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Multiplexed MeDIP-seq protocol using Illumina’s TruSeq Adapters

December 31, 2011

After looking at some MeDIP-seq protocols there were two issues that concerned me. The first is that all the protocols I have been able to find use the old Illumina adapters. I find that the Y-shaped TruSeq adapters migrate much more slowly through agarose gels than dsDNA, so I think it is better to convert them to dsDNA before size selection on an agarose gel. Thus, I modified existing protocols and moved the size selection to after the immunoprecipitation step so I could do a couple of cycles of PCR before the size selection.

The second issue that occurred to me is that the ligation of the adapters to the DNA molecules could result in base pairing between the adapters, which would result in DNA molecules that are being immunoprecipitated via their methyl-cytosine pulling down other DNA molecules via base pairing between the adapters. To alleviate this theoretical issue, I add a short oligo in excess to the immunoprecipitation reaction that is complementary to where the adapters anneal to each other. This should prevent any base pairing between the adapters during the immunoprecipitaiton. As a bonus, I figure it couldn’t hurt to have some non-specific DNA competitor in the immunoprecipitation reaction, which is easily removed afterwards by purifying the immunoprecipitation with Ampure XP beads.

I would also like to note that the Covaris S2 machine is fantastic for shearing. The sample to sample reproducibility and size distribution is perfect. Also because the excellent temperature control of the system, GC-biases should be minimized.

I’ve performed the protocol with HeLa cells and did a qPCR after the immunoprecipitation step and the results are below. I continued with the library prep and got a nice looking library with 8 cycles of PCR, i.e. an appropriately sized smear and no adapter dimer. Now if Beckman Coulter Genomics would be kind enough to send me the Ampure XP beads I ordered some time ago, I’ll prep up some real samples and send them out.

The protocol is here: https://ethanomics.wordpress.com/medip-seq-protocol-with-truseq-adapters/

One other thing I forgot to mention is that LifeTech sells a kit called the ‘MethylMiner Methylated DNA Enrichment Kit’ which they claim works better than antibody based enrichment. It uses a biotinylated MBD2 protein and streptavidin Dynabeads to pull down methylated DNA. Millipore and Diagenode sell something similar but as a GST-fusion. This scheme, called MBD-seq, has the additional benefit of working on dsDNA so you do not have to denature the DNA for the enrichment step and avoid issues associated with having single stranded adapters on every DNA molecule. I would be interested to see how these two methodologies perform in a side by side test from a less biased source. The kits are pretty reasonable priced and comes out to $20/rxn in US pricing. If you are on a budget, I bet it would be really simple to express GST-MBD in E. coli and have enough protein for thousands of experiments.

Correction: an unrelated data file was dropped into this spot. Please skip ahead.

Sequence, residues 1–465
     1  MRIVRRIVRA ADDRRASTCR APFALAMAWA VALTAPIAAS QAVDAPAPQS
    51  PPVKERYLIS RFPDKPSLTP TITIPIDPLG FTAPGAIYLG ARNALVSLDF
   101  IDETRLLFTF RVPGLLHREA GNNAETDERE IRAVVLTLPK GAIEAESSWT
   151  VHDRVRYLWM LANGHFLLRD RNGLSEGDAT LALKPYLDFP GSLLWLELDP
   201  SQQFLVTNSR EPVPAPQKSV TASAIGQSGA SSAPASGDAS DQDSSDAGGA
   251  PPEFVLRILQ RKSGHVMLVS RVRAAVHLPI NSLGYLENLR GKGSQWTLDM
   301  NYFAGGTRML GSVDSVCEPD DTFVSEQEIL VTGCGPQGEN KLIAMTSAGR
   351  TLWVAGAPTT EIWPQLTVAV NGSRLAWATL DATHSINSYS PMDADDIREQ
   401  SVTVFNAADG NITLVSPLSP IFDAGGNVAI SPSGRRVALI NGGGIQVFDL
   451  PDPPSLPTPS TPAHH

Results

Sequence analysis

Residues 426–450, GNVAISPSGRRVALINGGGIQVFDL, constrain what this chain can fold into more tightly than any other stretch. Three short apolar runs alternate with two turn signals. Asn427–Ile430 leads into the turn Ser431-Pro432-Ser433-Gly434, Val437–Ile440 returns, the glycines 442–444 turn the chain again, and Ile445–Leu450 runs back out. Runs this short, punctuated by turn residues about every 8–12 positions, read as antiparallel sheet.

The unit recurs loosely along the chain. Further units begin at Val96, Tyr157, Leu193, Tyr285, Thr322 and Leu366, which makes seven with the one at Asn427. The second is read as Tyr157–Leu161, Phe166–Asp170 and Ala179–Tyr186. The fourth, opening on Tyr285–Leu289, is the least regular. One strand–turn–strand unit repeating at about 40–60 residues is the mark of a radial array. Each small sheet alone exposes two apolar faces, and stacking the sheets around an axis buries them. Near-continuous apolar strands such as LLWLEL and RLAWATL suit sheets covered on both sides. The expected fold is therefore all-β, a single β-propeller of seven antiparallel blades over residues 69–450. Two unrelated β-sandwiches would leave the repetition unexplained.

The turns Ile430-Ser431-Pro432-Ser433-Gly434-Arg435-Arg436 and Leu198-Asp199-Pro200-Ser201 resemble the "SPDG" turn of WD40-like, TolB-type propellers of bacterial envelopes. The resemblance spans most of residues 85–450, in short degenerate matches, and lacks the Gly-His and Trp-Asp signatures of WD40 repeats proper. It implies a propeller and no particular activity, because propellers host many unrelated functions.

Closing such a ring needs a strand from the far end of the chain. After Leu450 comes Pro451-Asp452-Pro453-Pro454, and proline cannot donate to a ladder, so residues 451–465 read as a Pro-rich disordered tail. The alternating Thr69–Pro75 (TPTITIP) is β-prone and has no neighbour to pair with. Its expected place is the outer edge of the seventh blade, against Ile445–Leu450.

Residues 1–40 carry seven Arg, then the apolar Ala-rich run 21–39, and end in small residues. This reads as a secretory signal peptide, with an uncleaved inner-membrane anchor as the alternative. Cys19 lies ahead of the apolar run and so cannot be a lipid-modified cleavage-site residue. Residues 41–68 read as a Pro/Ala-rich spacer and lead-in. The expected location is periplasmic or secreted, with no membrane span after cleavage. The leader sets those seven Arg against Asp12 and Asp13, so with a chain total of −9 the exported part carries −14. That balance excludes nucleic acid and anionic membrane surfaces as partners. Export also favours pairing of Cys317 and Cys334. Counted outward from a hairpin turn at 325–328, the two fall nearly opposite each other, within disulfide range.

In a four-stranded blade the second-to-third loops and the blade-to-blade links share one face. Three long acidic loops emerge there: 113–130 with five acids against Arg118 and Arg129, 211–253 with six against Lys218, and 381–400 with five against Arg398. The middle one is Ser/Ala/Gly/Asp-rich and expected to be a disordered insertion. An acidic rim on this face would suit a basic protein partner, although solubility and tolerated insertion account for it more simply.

Update: A couple of pubs comparing methlyation sequencing methods:

Comparison of sequencing-based methods to profile DNA methylation and identification of monoallelic epigenetic modifications

Genome-wide mapping of DNA methylation: a quantitative technology comparison

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3 Comments
  1. Sushma permalink

    Hello Ethan,

    Your blog is Fantastic! Thank you for sharing your experience with MeDIP protocol optimization.
    I have a question regarding the competitor oligo that you add to prevent base-pairing between the adapters. The IP with 5-meC antibody is done with denatured single-stranded DNA (denatured at 98 degrees, and then immediately cooled). Would that not be enough to prevent re-annealing between complementary adapter sequences too? Did you see a lot of base-pairing between adapters after the initial denaturation? I’m only asking because I want to know if I NEED to add the oligo as well in my meDIP.

    Thank you.

    Sushma

    • ethanomics permalink

      Hi Sushma,
      Thanks for the compliments, I haven’t been doing much lab work the last months so not much new material on the blog. But as far as MeDIP-seq, I don’t know if the ‘blocking oligo’ actually helps. I’ve been meaning to try a MeDIP-seq without it but never really got around to it. Seems like it could be a quick Biotechniques paper to do it side-by-side and see if it actually does help (anybody out there want to do this???). The oligo is short and thus very cheap so I see no reason not to use it. I am getting great enrichment with my protocol. There is clearly, in theory, a way the fragments can anneal to each other by the adapters, so I’d say it’s a good idea. My guess is that it reduces background but as I wrote I have not checked. I have not seen any other MeDIP-seq protocols where they use a blocking oligo so it clearly works without it, but maybe not as well.

      I think I read somewhere that one of the exome capture protocols use a blocking oligo for the same reasons but I can’t remember where I read that. So I’m not the only person coming to the same conclusion.

      Hope that helps.

      Ethan

      • Sushma permalink

        Great, thanks Ethan. I will try the protocol without the oligo and let you know how it works. Keep up with your blog posts whenever possible and update us on your latest research and other exploits!

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